UNHCR: Number of Displaced Worldwide Exceeds 120 Million

By Sharon Samber


UNHCR: Number of Displaced Worldwide Exceeds 120 Million

UNHCR teams and HIAS prepare to distribute relief kits to newly arrived Sudanese refugees at the Madjigilta site in Chad's Ouaddaï region, on the border with Sudan on May 8, 2023. (UNHCR/Colin Delfosse)

The UNHCR Global Trends report for 2023, released late last week, indicated that, as of this writing, the number of displaced people worldwide now exceeds 120 million. This figure, which refers to those forcibly displaced as a result of persecution, conflict, violence, and human rights violations, has grown by 8% since 2022, and has more than doubled in the last 10 years.

“While we celebrate the resilience of people who are refugees on World Refugee Day, recognizing their talents and human potential, the jump from 110 to 120 million is nothing to celebrate,” said HIAS President and CEO Mark Hetfield. “If displaced persons cannot safely and voluntarily return home, the international community needs to work harder to make sure they have a place to call home, so they are refugees no more. That work starts with each one of us, welcoming the refugees and asylum seekers who live in our own communities.”

One in 69 people globally — or 1.5% of the entire world’s population — was forcibly displaced this past year. In 2023, the global refugee population increased by 7% to 43.4 million, a number that includes 5.8 million people in need of international protection, predominantly from Venezuela, and 6 million Palestinian refugees under UNRWA’s mandate.

The report discussed several crises to which HIAS is connected. These include the 10.8 million Sudanese who remained forcibly displaced, many to neighboring Chad, by violent conflict; and the conflict in Gaza, where many of the 2.2 million inhabitants face acute food insecurity and an imminent threat of famine. Approximately three-quarters of a million people became newly displaced within Ukraine in 2023 — and while the number of people remaining internally displaced in Ukraine decreased to 3.7 million, a total of 9.7 million Ukrainians, nearly a quarter of the prewar population, remained forcibly displaced overall.

The report, which explains how and why these worldwide numbers changed over the past year, said that there are now 68.3 million internally displaced people and 6.9 million asylum seekers across the globe. Low- and middle-income countries hosted 75% of the world’s refugees and other people in need of international protection. Just over 6 million displaced people returned to their areas or countries of origin in 2023, including 5.1 million internally displaced people and over 1 million refugees.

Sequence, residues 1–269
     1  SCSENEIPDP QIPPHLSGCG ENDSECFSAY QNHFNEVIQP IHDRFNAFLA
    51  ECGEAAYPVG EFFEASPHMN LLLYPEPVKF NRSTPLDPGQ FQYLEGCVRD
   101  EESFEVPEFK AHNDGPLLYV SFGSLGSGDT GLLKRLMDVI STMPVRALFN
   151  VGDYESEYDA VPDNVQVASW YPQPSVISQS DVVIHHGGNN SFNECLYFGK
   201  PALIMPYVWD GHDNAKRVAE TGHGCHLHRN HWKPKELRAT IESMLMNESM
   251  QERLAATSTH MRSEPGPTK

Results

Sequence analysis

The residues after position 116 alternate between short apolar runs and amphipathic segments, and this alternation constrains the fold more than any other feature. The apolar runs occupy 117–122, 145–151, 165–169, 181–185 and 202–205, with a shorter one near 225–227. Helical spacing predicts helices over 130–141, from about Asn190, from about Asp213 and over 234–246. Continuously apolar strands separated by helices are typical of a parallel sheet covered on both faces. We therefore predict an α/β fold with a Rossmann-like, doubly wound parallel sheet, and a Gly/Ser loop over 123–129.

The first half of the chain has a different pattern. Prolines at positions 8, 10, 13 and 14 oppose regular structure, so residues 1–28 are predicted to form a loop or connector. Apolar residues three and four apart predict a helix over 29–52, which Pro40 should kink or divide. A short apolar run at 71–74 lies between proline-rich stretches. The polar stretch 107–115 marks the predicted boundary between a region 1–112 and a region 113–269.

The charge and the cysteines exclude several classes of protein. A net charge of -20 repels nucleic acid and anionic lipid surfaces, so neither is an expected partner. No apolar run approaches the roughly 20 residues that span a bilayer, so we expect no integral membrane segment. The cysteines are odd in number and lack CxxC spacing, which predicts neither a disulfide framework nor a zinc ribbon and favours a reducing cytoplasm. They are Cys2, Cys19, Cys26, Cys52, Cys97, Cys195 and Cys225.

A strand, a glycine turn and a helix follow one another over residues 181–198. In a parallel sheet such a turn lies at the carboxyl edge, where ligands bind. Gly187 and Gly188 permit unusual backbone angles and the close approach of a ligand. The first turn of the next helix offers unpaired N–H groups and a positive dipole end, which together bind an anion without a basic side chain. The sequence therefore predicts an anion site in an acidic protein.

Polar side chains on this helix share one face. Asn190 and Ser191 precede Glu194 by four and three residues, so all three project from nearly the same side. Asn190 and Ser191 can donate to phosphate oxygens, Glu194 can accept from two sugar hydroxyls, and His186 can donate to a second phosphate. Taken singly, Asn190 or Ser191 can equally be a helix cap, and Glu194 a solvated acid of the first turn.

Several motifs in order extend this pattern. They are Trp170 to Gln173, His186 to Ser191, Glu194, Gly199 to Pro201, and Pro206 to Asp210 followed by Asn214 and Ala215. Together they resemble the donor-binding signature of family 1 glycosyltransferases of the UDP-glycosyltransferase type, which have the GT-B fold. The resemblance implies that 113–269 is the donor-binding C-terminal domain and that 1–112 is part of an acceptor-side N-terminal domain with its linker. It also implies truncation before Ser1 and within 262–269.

“If displaced persons cannot safely and voluntarily return home, the international community needs to work harder to make sure they have a place to call home, so they are refugees no more.”

Mark Hetfield, HIAS President and CEO

Key points from the 2023 report:

  • In total, UNHCR reports 4.4 million stateless people. About 1.3 million stateless people worldwide are also displaced. Most of them are Rohingya, either internally displaced in Myanmar or refugees, mainly in neighboring countries. 32,200 stateless people did have their nationality confirmed or acquired citizenship during the year.
  • Relative to its population, Aruba, where HIAS has an office, hosted the largest number of refugees (1 in 5).
  • The United States of America was the world’s largest recipient of new individual asylum applications, with 1.2 million.
  • Lebanon continues to be the highest, per capita, host country for refugees globally, with an estimated 1.5 million Syrians and 11,200 asylum seekers and refugees of other nationalities.
  • Climate change is exacerbating the protection needs and risks for forcibly displaced people and is contributing to new and protracted displacement. The report cited impact such as extreme weather events and scarcer natural resources and the increased exposure of women to violence during disasters. Without adaptation, the report warns, climate change is expected to increasingly, and disproportionately, affect forcibly displaced people.

The trends of protracted crises and the higher intensity of conflicts coupled with a reduced appetite of donors underscore the urgent protection needs and risks, according to Raphael Marcus, HIAS’ chief programs officer.

“HIAS’ protection efforts will continue to emphasize the rights of all forcibly displaced people,” Marcus said. “We also recognize the centrality of the local voices and the needs of the host communities, as well as climate change’s disproportionate impact on displaced populations, in our program design and operations.”

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